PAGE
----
The petition in this case fails to measure up to that standard.

¶4 First, the petition does not allege that the three children are delinquent by reason of the alleged conduct, nor does it request that they be adjudicated delinquent. The Juvenile Court Act defines a delinquent child as one "who has violated any federal or state law or municipal ordinance, excepting a traffic statute or ordinance, or any lawful order of the court made under this act; or (2) . . . who has habitually violated traffic laws or ordinances." [10 O.S.Supp. 1972 § 1101 [10-1101](b)] The Act defines a child in need of supervision as one "who is habitually truant from school, or who is beyond the control of his parents, guardian or other custodian, or who habitually deports himself so as to injure or endanger the health or morals of himself or others." [10 O.S.Supp. 1972 § 1101 [10-1101] (c)] It is clear that the preparation necessary to adequately defend an allegation that a child is in need of supervision is different from the preparation necessary to defend a charge that a child is delinquent. For that reason if proof of the misconduct alleged in the petition may result in the child or children charged therein being adjudicated delinquent, the petition must so state. This much is required by the terms of 10 O.S.Supp. 1973 § 1103 [10-1103] (b), which lists the necessary matters to be contained in a juvenile petition, and concludes with the requirement that there be a statement of "the relief requested."

¶5 Due process of law requires that a juvenile be notified in the same manner as an adult of the charges against him. We hold that in those cases where a charge of delinquency is based upon the violation of a criminal law, the petition must state the offense with the same certainty as is required of a criminal information. A criminal information is not sufficient unless it alleges particular circumstances showing every element of the offense charged. Fish v. State, Okl.Cr., 505 P.2d 490; Carroll v. State, Okl.Cr., 347 P.2d 812; State v. Sowards, 64 Okl.Cr. 430, 82 P.2d 324. Two sections of the Oklahoma Statutes make criminal the inhalation, under certain circumstances, of intoxicating [549 P.2d 829] fumes from glue or paint. Title 63 O.S. 1971 § 465.20 [63-465.20](a), provides:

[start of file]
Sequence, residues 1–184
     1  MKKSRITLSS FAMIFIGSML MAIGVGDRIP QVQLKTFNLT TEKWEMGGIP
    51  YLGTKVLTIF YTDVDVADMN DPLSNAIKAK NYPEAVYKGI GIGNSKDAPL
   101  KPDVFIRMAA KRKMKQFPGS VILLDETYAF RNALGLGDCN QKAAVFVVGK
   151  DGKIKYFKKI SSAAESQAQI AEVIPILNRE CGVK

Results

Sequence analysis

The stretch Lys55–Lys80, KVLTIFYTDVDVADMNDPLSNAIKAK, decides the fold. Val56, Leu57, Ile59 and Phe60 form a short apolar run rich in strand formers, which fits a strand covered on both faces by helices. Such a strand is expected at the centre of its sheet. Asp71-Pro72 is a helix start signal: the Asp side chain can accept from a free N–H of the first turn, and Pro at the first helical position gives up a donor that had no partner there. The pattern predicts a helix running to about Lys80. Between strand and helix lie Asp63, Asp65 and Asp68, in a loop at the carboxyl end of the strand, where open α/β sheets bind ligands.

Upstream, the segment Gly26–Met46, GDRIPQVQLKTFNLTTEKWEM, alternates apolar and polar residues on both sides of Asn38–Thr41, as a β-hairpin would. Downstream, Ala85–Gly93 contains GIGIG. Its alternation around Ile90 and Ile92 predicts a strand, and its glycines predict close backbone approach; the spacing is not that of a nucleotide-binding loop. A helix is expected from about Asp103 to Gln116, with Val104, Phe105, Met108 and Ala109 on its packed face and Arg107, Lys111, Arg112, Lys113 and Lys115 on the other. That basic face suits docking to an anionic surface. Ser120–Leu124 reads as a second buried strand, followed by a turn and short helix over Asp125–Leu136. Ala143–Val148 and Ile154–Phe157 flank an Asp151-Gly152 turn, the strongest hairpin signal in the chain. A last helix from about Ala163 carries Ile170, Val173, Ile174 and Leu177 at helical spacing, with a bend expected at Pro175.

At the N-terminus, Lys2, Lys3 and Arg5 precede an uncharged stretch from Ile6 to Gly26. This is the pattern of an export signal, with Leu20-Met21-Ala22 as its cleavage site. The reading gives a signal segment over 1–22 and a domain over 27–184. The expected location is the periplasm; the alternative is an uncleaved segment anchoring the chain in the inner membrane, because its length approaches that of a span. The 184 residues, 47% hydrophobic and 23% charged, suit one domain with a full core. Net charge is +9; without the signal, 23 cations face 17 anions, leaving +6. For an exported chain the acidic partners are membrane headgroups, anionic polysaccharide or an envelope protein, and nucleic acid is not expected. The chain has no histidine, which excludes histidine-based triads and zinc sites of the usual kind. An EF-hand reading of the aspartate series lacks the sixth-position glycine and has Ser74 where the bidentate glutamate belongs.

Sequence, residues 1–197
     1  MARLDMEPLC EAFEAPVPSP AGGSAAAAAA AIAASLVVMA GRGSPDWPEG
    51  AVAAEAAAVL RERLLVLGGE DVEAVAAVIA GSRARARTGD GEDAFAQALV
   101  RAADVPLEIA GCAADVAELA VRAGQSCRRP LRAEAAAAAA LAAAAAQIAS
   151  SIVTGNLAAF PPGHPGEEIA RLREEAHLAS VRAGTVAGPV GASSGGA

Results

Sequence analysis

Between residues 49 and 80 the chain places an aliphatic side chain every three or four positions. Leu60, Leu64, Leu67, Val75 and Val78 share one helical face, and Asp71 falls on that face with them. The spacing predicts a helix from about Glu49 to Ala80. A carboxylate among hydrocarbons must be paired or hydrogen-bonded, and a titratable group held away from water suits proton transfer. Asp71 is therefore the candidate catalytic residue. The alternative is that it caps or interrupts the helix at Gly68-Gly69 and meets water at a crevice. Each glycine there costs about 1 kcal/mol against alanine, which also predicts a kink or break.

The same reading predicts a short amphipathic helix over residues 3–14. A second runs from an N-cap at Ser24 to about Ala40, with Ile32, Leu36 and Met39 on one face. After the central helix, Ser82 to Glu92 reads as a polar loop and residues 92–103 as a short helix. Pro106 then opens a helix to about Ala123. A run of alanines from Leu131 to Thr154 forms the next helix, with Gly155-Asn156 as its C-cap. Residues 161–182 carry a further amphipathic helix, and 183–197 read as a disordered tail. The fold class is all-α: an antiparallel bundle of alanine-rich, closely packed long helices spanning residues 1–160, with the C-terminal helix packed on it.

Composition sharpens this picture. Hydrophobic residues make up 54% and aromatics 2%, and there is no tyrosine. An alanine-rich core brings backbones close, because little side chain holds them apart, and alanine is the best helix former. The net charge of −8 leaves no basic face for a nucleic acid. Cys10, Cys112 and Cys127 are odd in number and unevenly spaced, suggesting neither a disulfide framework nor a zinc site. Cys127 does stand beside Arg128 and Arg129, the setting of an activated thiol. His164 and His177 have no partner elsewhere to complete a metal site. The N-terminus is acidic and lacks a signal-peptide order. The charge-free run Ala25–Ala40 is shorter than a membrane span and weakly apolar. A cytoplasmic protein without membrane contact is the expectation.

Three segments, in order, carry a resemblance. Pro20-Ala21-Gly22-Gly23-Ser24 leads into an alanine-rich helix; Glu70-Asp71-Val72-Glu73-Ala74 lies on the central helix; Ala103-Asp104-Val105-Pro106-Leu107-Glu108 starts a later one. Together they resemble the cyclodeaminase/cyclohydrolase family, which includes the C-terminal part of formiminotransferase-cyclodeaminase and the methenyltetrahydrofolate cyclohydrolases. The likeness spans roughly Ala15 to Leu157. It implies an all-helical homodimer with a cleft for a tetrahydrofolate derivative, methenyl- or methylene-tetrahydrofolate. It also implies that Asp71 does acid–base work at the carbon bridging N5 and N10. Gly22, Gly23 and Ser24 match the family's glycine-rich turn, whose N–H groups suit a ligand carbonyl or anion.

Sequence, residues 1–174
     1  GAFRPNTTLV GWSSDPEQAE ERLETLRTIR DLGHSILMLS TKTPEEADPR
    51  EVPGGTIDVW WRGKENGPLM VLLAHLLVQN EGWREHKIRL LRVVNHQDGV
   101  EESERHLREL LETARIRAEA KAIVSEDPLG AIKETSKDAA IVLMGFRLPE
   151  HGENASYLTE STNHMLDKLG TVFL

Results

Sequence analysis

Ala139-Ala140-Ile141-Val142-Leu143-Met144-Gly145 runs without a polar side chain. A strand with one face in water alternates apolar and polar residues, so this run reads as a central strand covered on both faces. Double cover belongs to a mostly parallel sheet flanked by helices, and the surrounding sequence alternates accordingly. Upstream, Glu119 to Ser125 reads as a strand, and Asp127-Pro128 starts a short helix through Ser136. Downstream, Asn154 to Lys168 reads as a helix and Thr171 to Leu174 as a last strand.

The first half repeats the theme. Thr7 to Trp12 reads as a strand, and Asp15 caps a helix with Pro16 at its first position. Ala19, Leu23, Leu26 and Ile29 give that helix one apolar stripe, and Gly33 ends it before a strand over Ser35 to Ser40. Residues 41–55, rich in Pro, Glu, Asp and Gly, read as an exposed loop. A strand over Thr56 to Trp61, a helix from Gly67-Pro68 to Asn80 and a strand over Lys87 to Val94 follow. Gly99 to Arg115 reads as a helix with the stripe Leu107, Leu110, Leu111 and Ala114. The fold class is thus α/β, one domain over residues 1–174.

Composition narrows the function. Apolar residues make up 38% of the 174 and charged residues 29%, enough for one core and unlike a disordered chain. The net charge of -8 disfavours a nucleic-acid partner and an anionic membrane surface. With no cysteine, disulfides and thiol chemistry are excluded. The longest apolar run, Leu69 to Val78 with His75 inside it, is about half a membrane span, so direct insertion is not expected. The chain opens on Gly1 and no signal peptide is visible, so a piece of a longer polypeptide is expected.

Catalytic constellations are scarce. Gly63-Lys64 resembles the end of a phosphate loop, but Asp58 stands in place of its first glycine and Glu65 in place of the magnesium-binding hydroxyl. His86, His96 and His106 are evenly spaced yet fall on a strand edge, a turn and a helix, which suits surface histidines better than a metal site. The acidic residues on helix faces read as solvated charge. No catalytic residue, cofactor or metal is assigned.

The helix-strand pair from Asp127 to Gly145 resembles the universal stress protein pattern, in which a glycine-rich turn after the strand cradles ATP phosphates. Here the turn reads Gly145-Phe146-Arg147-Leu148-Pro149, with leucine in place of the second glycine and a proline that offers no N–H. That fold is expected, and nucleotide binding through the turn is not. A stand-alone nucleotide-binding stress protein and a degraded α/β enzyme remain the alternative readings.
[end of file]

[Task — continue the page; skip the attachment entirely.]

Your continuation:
"It shall be unlawful for any person deliberately to smell, inhale, breathe, drink or otherwise consume any compound, liquid, chemical, narcotic, drug or any other substance or chemical containing any ketones, aldehydes, organic acetones, ether, chlorinated hydrocarbons, such as gasoline, glue, fingernail polish, adhesive cement, mucilage, dope or any other substance or combination thereof containing solvents releasing toxic vapors, with the intent to cause conditions of intoxication, inebriation, excitement, elation, stupefaction, paralysis, irrationality, dulling of the brain or nervous system, or any other changing, distorting or disturbing of the eyesight, thinking processes, judgment, balance or coordination of such person."

Title 37 O.S.Supp. 1973 § 8 [37-8], provides, in relevant part:

"Any person who shall, in any public place, or in or upon any passenger coach, streetcar, or in or upon any other vehicle commonly used for the transportation of passengers, or in or about any depot, platform, waiting station, or room . . . inhale glue, paint or other intoxicating substance, or if any person shall be drunk or intoxicated in any public or private road, or in any passenger coach, streetcar, or any public place or building, or at any public gathering . . . from inhalation of glue, paint or other intoxicating substance, . . . and shall disturb the peace of any person, he shall be guilty of a misdemeanor . . ."

It is plain that the petition in the instant case is insufficient to charge a violation of either of these statutes; it, in fact, charges no crime at all. Because of the insufficiency of the petition in this regard, we reverse the finding of the Juvenile Court that each appellant is a delinquent child. We do not reach, therefore, appellants' contention that the State failed to prove the charge of sniffing paint beyond a reasonable doubt as required by Re Winship, 397 U.S. 358, 90 S. Ct. 1068, 25 L. Ed. 2d 368.

¶6 The order of the Juvenile Division of the District Court, Kiowa County, adjudicating appellants delinquent children and committing them to the custody of the State Department of Institutions, Social and Rehabilitative Services, is, hereby, REVERSED.

BUSSEY and BLISS, JJ., concur.